LatAm’s next great infra play

Given the experience he gained in project finance and infrastructure over the course of a 15-year career, not to mention his knowledge of Latin America, Eduardo Ramos could have had his pick of where to relocate.

Twenty-twelve found Ramos in New York. His reason for calling the Big Apple home was practical: he was working as a managing director in project finance for Assured Guaranty Corporation. There, the long-time executive leveraged the Rolodex he’d built as a banker with Casa de Bolsa Banorte, where in 2004 he led a $200 million monetisation of the Monterrey-Cadereyta highway in Mexico.

Now, due for a job change, and keen to live someplace else, Ramos moved to Astris Finance, a boutique advisory firm, and prepared to leave New York. The question was: where to? Headquartered in Washington, D.C., Atris launched in 2000 as a subsidiary of financial services provider Dexia. By 2008, newly independent Astris had set up shop in Paris. 

Ramos, however, wasn’t interested in Europe. For one, he wanted a post in a growth market. He was also looking to work somewhere with a familiar feel.

“I came back,” Ramos, who was born in Mexico, says.

Today, while Astris is expanding into Brazil, Chile and Colombia, Ramos is emphatic that his birthplace is the premier infrastructure market in Latin America.

“Timing,” he stresses. “A lot of people following Latin America, who were focused on Brazil, are now asking: ‘What’s the next step?’”

Mark Ramsey wouldn’t disagree. Like Ramos, Ramsey, a layer from Australia and a long-serving Macquarie Group executive who’d moved to Africa to help Macquarie launch a fund there, was also looking to recharge his infrastructure career when he relocated to Mexico. There, Ramsey, as president and executive director of Macquarie Capital, Mexico, has witnessed “a little bit of the gloss come off” Brazil, and a change in attitude toward Mexico.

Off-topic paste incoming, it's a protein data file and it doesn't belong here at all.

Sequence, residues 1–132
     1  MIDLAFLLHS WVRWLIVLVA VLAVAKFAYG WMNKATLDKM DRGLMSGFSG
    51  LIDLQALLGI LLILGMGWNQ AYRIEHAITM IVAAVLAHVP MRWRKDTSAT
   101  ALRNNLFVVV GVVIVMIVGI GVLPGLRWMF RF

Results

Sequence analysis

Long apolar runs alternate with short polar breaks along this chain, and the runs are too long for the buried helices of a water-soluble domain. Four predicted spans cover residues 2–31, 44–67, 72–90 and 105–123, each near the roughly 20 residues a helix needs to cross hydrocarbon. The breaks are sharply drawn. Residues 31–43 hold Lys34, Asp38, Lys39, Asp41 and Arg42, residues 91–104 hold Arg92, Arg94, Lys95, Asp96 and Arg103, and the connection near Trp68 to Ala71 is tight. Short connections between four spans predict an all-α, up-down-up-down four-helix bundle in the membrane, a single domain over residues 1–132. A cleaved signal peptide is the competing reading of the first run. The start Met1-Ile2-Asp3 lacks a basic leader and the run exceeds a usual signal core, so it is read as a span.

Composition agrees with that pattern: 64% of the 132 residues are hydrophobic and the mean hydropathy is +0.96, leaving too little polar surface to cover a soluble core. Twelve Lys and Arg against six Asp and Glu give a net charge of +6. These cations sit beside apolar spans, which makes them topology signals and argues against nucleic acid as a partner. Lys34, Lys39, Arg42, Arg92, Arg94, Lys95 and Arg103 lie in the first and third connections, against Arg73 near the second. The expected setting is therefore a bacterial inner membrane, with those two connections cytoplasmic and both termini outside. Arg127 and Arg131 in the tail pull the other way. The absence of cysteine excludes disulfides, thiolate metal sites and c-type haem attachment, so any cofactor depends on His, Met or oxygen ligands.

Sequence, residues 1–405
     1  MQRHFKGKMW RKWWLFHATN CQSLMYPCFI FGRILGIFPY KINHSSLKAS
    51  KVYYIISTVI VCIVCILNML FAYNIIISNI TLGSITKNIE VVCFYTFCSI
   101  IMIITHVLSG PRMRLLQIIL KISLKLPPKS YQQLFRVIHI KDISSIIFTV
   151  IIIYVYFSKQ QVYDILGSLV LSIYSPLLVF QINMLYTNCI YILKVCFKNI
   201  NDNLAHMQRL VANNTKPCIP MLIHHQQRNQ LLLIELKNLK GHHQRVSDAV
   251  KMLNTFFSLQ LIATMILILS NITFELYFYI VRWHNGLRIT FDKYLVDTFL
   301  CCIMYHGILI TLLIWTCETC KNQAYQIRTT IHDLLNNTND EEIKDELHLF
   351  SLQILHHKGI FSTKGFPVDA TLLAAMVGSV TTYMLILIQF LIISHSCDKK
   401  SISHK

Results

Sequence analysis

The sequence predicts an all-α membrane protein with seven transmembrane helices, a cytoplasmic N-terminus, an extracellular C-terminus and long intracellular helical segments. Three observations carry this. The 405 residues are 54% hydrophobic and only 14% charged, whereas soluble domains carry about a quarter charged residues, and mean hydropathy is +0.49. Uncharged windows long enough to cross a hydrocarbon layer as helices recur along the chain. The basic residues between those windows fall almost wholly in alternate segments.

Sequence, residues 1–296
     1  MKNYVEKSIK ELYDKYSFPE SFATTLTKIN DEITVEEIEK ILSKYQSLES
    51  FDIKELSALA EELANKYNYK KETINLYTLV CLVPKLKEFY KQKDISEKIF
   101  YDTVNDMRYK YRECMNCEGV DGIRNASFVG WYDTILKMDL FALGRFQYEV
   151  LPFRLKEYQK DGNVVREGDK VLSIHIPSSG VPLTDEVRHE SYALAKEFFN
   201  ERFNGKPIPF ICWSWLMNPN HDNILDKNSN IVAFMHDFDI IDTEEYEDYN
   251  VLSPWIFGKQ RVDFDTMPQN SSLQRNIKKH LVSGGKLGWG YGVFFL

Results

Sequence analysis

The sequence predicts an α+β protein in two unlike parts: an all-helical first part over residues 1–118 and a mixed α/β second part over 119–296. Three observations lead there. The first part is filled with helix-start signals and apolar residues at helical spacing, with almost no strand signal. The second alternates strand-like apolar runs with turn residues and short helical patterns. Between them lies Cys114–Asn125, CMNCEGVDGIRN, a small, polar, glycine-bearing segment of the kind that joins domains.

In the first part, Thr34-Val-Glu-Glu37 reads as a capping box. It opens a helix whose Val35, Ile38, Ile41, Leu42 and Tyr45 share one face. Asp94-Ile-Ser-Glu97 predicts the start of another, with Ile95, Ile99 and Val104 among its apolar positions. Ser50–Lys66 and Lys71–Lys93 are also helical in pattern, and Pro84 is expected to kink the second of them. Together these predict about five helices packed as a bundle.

“Investing is a sentimental game,” opines Ramsey, who joined Macquarie, the Sydney-headquartered financial services concern, in 1997. “Brazil itself has benefited from sentiment. In the past, Mexico has been overshadowed by Brazil. To the extent people might not view Brazil as quite as good as before, Mexico has benefited.”

Ramsey has a point. While Brazil, as part of the ‘BRIC’ (Brazil, Russia, India and China) grouping, has hogged the spotlight for the better part of the past decade as the up-and-coming economic bulwark in Latin America, Mexico has been developing in its own right. The country has enjoyed 17 straight years of macroeconomic stability, demonstrating consistently low interest rates and decreased inflation, manageable debt and growth domestic product (GDP) growth.  

Ramos points to a “brighter macroeconomic outlook” for Mexico, “the second-largest economy in Latin America”. Ramsey, meanwhile, credits the country as the “largest Spanish-speaking [nation]…with a stable democratic government”. But ask them about their mutually-shared profession – investing private capital in public infrastructure – and you’ll hear a more bullish appraisal still.